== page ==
The vivid 1920x1080 Full HD image takes advantage of its relatively high (for this product class) 642-lumen brightness to potentially provide crisp images at a larger size than you might get with less bright projectors or those with lower resolution. Furthermore, the Halo's innovative auto-focus is entertaining and works well, while the combination of Bluetooth and Wi-Fi brings it up to date. And its Harman Kardon speaker system works surprisingly well.
Of course, you'll pay more for these features. The recently reviewed AAXA P6X, at $359, costs less than half and is smaller and lighter, and it beats the Halo slightly on brightness. But it comes without any WiFi or Bluetooth capabilities, only a modest little speaker, and is less sharp with its 1280x800 resolution. BenQ's GS2 outdoor wireless smart projector, $599, has some great features (including a drop- and weather-resistant case). But it is also less bright than the Halo, has only 720p resolution, and uses the less desirable Aptoide TV streaming platform.
It is the Halo's combination of features and technology that make it a particularly effective and up-to-date all-in-one entertainment system. In that context, it sets a high bar and a new standard for comparing pico projectors.
Brightness. Using the Halo's Standard color mode and Office brightness setting, it delivered 642 ANSI lumens. Oddly, Standard color mode is 16 percent brighter than the projector's poorly named Bright mode. By using the Video brightness mode, the brightness drops by 19 percent and eliminates most of the Office mode's green overcast. Switching to the Halo's Energy Saving's mode lowers the output by 79 percent, making images look dull.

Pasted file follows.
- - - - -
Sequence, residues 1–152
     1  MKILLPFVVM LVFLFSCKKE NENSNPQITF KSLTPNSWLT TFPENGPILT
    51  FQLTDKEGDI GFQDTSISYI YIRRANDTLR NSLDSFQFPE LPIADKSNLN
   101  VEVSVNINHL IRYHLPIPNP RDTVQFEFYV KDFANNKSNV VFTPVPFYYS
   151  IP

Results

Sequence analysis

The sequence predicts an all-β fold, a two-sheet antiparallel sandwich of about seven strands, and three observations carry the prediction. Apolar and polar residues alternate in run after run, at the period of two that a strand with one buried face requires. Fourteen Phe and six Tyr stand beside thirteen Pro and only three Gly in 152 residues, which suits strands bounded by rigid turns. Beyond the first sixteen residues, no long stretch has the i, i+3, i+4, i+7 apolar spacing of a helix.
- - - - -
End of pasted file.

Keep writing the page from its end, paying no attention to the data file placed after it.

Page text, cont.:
XGIMI Halo ANSI Lumens
Power. The system used 70 watts of power at the full blast Office setting. This dropped to 62.2 watts in Video and 19 watts in Energy Saving's mode. It took 29 watts to charge the projector's battery pack.
Brightness Uniformity: 94%
Fan Noise. The Halo was relatively quiet with it putting out 38.5dBA at maximum brightness as measured 36-inches from the exhaust vent. Switching to Video power mode lowered the noise to 38.0dBA while the Energy Saving mode reduced it further to 37.8dBA. The room registered a background noise level of 36.8dBA. XGIMI rates the projector at less than 30dBA using the industry-standard measurement technique in a soundproof booth, which is always lower than our real-world casual measurement.
- HDMI (with HDCP 1.4)
- Audio out (3.5mm stereo jack)
- USB 2.0 Type A
For more detailed specifications and connections, check out our XGIMI Halo projector page.